This is how a word nerd and a map nerd decorate their kid’s nursery

24 May

When you give your baby a name like Lars, you hope that he’ll have the gumption to pull it off later in life. Dave and I joke that hopefully he’ll just grow up to be a linebacker and no one will give him any trouble with it.

But the reality is, Lars’s destiny is to be a nerd. He is, after all, the child of a writer/editor obsessed with puns, grammar, and typography, and of an urban designer whose idea of fun is analyzing street patterns or comparing blocks of desert cities. We also share a fond appreciation for all things Scandinavian, a part of our heritage.

Fortunately, we have accepted and embraced our nerdiness and fully plan to nurture it in our little guy. In that spirit, we designed a few festive pieces for his nursery:

Baby’s family birth map

Baby's family birth map - spifftacular.wordpress.comDave mapped where his and my ancestors were born all the way to ten generations back. Purple represents my ancestors (obviously), and orange represents Dave’s. The size of the dot correlates to how many ancestors were born there. Opacity represents how long ago they lived there (meaning the darker dots are more recent). Locations listed in the key are simply numbered left to right.

Lars birth mapHe used FamilySearch to do the research, then used Google Earth to map it and Illustrator and InDesign to design the final graphic. Of course, shortly after he had already dedicated painstaking hours of perusing family trees, he discovered a nifty tool called Rootsmapper that does the mapping work for you. Oh well. Read more about the map on Dave’s urban design blog. You can also check out this post to see some other neat graphics he made about where his ancestors lived and died (we opted not to feature this in the nursery, because birth seemed a more fitting theme than death).

Name punctuation style guide

Baby name punctuation guide - spifftacular.wordpress.comAs a writer and editor, I am naturally a stickler about punctuation. One of my biggest pet peeves is the incorrect punctuation of possessives. Since we gave our kid a name that ends with s, I knew he would face a lifetime of punctuation trickery: Where to put the apostrophe? And should there be an extra s? I was so concerned about this I almost decided against the name even though I love it so much.

I know I can’t prevent his future classmates and colleagues from writing such horrors as Lar’s, but I at least wanted to give him a good foundation. So I compiled excerpts from the sections on possessives from the top style manuals–The Chicago Manual of Style, The Associated Press Stylebook, and Strunk and White’s Elements of Style–into a handy mini (dare I say baby-sized?) style guide. Of the three, two recommend apostrophe + s for singular possessives, and one recommends just an apostrophe. (My personal preference is the former, but I don’t mind the latter.)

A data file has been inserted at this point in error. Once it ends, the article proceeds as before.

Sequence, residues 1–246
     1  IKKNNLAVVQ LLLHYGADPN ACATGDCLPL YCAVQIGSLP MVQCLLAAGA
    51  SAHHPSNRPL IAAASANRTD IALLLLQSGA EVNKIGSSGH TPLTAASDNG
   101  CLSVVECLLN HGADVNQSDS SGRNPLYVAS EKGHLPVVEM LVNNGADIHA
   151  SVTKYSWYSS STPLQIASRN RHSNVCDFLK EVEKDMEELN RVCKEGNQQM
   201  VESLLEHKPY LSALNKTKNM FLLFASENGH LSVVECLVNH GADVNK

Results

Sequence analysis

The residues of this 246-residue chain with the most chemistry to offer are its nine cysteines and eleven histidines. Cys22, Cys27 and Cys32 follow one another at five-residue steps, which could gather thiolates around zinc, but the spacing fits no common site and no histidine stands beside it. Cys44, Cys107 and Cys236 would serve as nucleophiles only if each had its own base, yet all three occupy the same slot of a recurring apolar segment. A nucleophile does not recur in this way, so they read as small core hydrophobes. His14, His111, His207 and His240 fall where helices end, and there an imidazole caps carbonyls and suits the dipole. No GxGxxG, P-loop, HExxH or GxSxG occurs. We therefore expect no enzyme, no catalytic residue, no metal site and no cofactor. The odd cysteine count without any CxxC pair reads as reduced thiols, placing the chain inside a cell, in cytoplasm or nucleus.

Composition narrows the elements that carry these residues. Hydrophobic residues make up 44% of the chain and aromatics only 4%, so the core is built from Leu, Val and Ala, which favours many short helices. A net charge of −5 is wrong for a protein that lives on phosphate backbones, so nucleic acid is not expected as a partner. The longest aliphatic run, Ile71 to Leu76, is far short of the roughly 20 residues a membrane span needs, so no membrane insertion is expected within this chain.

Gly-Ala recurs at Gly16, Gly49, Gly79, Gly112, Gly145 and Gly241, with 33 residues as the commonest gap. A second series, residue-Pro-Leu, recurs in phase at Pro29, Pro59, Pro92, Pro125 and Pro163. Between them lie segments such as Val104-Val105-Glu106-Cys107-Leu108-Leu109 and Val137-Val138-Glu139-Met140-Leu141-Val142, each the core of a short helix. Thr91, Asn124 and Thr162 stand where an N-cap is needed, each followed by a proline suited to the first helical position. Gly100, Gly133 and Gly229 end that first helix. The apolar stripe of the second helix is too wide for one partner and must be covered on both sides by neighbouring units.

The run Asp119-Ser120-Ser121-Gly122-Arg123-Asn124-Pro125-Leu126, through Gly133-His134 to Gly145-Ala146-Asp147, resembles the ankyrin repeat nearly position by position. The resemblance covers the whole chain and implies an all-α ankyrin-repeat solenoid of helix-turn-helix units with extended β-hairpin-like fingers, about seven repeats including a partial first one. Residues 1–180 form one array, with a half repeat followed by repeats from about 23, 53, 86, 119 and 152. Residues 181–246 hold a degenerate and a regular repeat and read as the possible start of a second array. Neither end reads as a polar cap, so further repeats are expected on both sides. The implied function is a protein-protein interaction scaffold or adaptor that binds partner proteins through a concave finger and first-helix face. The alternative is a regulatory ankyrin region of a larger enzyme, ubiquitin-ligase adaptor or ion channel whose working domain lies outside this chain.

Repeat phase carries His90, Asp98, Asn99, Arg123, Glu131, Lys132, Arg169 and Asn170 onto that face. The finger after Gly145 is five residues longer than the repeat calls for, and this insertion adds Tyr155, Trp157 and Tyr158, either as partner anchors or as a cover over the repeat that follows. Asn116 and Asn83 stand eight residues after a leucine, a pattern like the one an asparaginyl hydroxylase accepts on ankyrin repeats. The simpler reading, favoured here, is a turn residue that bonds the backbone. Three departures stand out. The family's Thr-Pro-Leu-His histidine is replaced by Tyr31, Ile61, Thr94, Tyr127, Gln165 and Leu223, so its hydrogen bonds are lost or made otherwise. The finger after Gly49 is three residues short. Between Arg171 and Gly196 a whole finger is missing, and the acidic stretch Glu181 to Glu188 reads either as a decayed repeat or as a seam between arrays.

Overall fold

To make it even more personal, I also included a few lines about the origin and meaning of the name Lars.

Baby name punctuation guide - spifftacular.wordpress.comI used Futura because it seemed like a fittingly Scandinavian typeface (which until recently was the go-to typeface for IKEA), plus Century Schoolbook because it reminded me of the old copy of Strunk & White I got from my dad; I also used it on the Swedish ABCs project below.

Swedish ABCs

SwedishABCs - spifftacular.wordpress.com

Back when baby was still the size of a blueberry in my belly, I stumbled upon this neat collection of illustrations from a vintage children’s book with an animal for each letter of the Swedish alphabet (except W, inexplicably). The images were a little crooked, so I straightened them out in Photoshop. Then I printed them on cardstock and cut them out. I put some command hooks on the wall, strung some cream-colored ribbon, and used some metal clips from IKEA to fasten the cards.

SwedishABCsCrib - spifftacular.wordpress.comYou Are My Sunshine & It’s A Small World

You Are My Sunshine - spifftacular.wordpress.com

OK, I can’t take credit for these but I’m including them anyway because they’re in the nursery and I love them.

The “You Are My Sunshine” canvas painting is made by my super-crafty mom. “You Are My Sunshine” was a favorite lullaby of my family growing up, and I love that it’s a tradition in my own little family now.

NurseryArt - spifftacular.wordpress.com

Also, a few years ago, long before Lars came along, Dave and I were at Disneyland with my family and found an awesome print inspired by It’s A Small World. I’ve always liked the ride and its aesthetic, and we both thought the print would be right at home in the nursery.

Lars is destined to become a nerd. A glorious, glorious nerd. And I hope his room will help remind him of that.

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2 Responses to “This is how a word nerd and a map nerd decorate their kid’s nursery”

  1. Karen H. May 24, 2014 at 6:56 am #

    From the moment I heard his name I wanted to put “Professor” in front of it. As in: Professor Lars Arthur Munson was a nerd from babyhood.

    Dave’s creation of the Remember Where You Came From infographic is awesome. And much more meaningful because he built it from hand, so to speak.

    Your style manual and other decorations are spot on. Lars is a fortunate person.

  2. Van Woerkom, Heidi June 2, 2014 at 7:11 pm #

    Yes, he most definitely will be a nerd, but not too nerdy. ☺ Please NEVER introduce him to plastic pen protectors for his shirt pockets. Just sayin’. Fun post and I don’t think I saw the Small World print. Very fitting!
    Love, Aunt Heidi

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